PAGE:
Come out and support
Vineland's Landis Theater
As a lifelong resident of Vineland, I have seen many changes come to this city through the years. One of the great changes was the rebirth of the Landis Theater in 2010. It took an extraordinary effort and great dedication from so many people to get to this point, but now I think it's fair to say that the need for supporting the theater has not come to an end - it is just in a different phase.
I am president of the board of trustees of Appel Farm Arts & Music Center, and the staff and board at Appel Farm are dedicated to making the theater a success. We are working very hard to keep the doors open and the lights on. Running a performing arts center is not an easy task. It's a financial juggling act with a lot of pitfalls. I feel strongly that our community needs to come together to support the Landis Theater now, just as it has in the past.
The Landis Theater can be the anchor for the economic revitalization of downtown Vineland. This has been evidenced in communities throughout New Jersey where a thriving arts center and district have been at the heart of renewal.
There is a fantastic volunteer corps that helps with ushering and other important functions, and more volunteers are always welcomed. But the two most important things you can do are to attend the performances and make a tax-deductible donation to the theater.
It is a magnificent performance space. Bring friends, bring your family, and make it a priority to attend a show this holiday season. You'll have a wonderful time, and it's what we need to do as a community. The Landis Theater will be there for us, and for the next generation, but only if we honor the commitment we made as a community when we reopened the doors in 2010.
Stockton students right
to reject Chick-fil-A
Regarding the two Nov. 27 letters criticizing the Richard Stockton College Student Senate for urging the college to cancel Chick-fil-A's contract on campus:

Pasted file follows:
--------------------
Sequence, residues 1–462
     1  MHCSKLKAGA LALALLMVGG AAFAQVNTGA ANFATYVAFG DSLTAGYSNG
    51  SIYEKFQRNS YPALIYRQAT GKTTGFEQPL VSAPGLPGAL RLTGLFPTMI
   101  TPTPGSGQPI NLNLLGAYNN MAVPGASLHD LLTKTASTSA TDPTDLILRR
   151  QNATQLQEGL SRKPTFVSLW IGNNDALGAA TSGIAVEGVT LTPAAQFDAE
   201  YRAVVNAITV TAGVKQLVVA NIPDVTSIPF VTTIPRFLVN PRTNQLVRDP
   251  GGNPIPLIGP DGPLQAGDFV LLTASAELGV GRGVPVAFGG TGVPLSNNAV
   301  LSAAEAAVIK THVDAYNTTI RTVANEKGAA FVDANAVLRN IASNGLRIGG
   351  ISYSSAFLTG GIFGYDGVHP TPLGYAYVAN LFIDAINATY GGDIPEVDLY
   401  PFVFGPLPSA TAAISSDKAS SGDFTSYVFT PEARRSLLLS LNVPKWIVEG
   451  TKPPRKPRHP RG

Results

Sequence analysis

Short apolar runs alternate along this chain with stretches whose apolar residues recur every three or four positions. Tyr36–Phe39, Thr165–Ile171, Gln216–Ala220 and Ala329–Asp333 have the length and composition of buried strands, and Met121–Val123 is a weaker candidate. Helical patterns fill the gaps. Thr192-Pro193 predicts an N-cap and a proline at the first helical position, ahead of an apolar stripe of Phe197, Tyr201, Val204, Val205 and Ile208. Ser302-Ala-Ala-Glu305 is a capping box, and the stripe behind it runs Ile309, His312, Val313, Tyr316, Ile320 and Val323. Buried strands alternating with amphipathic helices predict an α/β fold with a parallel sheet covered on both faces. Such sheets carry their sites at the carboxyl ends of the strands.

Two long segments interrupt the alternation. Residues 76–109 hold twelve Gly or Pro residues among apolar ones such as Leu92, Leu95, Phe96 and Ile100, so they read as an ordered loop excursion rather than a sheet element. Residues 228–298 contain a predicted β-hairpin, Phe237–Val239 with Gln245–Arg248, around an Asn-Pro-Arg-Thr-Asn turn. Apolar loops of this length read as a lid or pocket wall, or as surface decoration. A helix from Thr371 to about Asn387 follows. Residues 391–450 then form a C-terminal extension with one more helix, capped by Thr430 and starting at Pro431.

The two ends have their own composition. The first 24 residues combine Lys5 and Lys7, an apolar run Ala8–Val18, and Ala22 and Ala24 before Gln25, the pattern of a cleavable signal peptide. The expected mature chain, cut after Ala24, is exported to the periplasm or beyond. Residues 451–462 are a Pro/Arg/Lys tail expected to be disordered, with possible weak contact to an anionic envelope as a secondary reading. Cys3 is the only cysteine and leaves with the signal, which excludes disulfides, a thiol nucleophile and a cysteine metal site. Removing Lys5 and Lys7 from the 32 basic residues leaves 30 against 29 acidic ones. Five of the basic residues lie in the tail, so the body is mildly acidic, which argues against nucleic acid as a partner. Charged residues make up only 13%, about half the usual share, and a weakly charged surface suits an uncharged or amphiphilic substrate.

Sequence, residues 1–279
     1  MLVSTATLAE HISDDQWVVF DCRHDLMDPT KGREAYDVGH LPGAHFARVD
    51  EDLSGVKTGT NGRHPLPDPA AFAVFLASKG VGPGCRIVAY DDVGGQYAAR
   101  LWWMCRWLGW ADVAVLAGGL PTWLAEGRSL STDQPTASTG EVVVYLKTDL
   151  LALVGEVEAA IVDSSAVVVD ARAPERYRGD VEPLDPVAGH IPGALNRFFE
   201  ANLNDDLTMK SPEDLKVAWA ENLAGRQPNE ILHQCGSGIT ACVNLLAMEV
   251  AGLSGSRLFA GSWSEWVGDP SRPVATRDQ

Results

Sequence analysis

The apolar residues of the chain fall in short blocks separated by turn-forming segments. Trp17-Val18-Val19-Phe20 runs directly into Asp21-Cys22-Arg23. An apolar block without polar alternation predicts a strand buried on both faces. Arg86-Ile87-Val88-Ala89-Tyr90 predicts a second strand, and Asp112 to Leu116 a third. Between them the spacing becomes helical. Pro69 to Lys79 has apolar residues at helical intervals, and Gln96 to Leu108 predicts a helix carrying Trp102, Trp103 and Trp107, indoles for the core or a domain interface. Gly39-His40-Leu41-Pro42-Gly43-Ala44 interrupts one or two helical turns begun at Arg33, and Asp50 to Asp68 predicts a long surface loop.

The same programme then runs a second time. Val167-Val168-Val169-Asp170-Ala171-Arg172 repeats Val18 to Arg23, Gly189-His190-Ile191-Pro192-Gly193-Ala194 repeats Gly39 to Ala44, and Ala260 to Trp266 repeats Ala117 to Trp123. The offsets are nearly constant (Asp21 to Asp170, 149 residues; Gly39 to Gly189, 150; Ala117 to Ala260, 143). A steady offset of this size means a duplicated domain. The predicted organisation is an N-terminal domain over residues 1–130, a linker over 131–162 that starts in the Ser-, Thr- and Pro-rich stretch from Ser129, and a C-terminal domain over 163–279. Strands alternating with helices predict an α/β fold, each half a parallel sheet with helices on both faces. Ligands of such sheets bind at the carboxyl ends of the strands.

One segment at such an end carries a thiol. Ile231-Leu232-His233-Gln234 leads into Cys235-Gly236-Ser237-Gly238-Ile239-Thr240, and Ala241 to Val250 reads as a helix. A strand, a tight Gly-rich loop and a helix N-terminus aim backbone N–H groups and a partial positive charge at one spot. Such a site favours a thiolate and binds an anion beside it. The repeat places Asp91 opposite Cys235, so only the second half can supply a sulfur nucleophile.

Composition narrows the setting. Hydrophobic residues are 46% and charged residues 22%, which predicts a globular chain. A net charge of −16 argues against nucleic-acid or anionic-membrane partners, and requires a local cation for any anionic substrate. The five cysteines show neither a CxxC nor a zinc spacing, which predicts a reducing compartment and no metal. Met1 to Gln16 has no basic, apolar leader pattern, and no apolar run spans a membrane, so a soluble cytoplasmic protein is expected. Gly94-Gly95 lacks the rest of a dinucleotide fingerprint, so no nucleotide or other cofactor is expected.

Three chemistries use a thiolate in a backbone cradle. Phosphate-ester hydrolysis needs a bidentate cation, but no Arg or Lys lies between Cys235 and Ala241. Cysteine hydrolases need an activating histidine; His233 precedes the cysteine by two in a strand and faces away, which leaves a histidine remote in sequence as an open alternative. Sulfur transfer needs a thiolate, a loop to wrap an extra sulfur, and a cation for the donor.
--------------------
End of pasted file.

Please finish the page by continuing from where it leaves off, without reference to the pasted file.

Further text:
You have to be kidding me. I applaud the Stockton student government for voting to oust Chick-fil-A from campus. Both letter writers speak about diversity. Diversity is the act of accepting all members of a society, not just the ones you like. One writer was very upset by the male student who showed up to a meeting in a dress, but yet he believes in diversity. Hmm ...
And finally, who are Chick-fil-A's owners to spread their bigoted opinions? They sell chicken, for God's sake. They need to stick with their strengths, clogging the nation's arteries, and leave their homophobic statements to themselves. Politics and poultry don't mix.
Meetings are no place
for sectarian prayer
Regarding the discussion of allowing prayer before Galloway Township Council meetings:
I firmly believe in the power of prayer and consider myself a religious person. I also believe in the right of every American to pray whenever and however they wish to - or not.
The purpose of a Township Council meeting is to take care of the business of the township - period. While prayer is wonderful, no governing body should be using valuable meeting time for sectarian prayer of any kind. It is impossible to cover all religious bases, and even if you could, atheists have rights, too.
Consider this : When one person prays at a council meeting the way they feel comfortable, one prayer is heard. When there is a moment of silence and we all pray (or not), there could be thousands of prayers heard.
I applaud Mayor Don Purdy's willingness to make this a public discussion. I hope Township Council decides to have a moment of silence, so we can all pray for our local leaders. Galloway Township in its current state needs all the prayers it can get.
a waste of money in A.C.
Regarding the Nov. 29 story, "CRDA dressing up Atlantic City for Christmas":
So the Casino Reinvestment Development Authority is spending $595,000 to decorate Atlantic City for the holidays. Wow. I love the holiday season as much as anyone, but given the other needs of the city, $595,000 seems extremely high. Now we will have a huge tree, light shows and decorated street lights to show off the pothole-filled streets, the boarded-up buildings and all the beautiful pawn shops and nudie bars. Great.
Doesn't the city have decorations from last year that could be put up by city workers? Or, better yet, how about hiring some temporary help from the ranks of the unemployed to do the job?
Actually, Obama voters
saved us from the fools
The writer of the Nov. 15 letter, "Obama re-election shows power of fools," is wrong. The danger to America is not the "depraved electorate of fools" who elected Barack Obama, but the vast confederacy of dunces Obama supporters defeated.
You know, the dunces who think tax cuts for the wealthy will solve our economic problems; who believe global warming and evolution are not real; who think Obama is Muslim who was born in Kenya; who think a woman can't get pregnant from a "legitimate rape"; who think equal pay for equal work for women is a bad idea, but invasive intravagina ultrasound is a good one; who think creating long lines at the polls is the way to win elections; who thought "self deportation" was a good election campaign talking point; and who would make us slaves to the interests of big oil, the insurance industry, mega-corporations, multibillionaires, and the crazy far-right religious agenda that would turn America into a theocracy resembling Iran.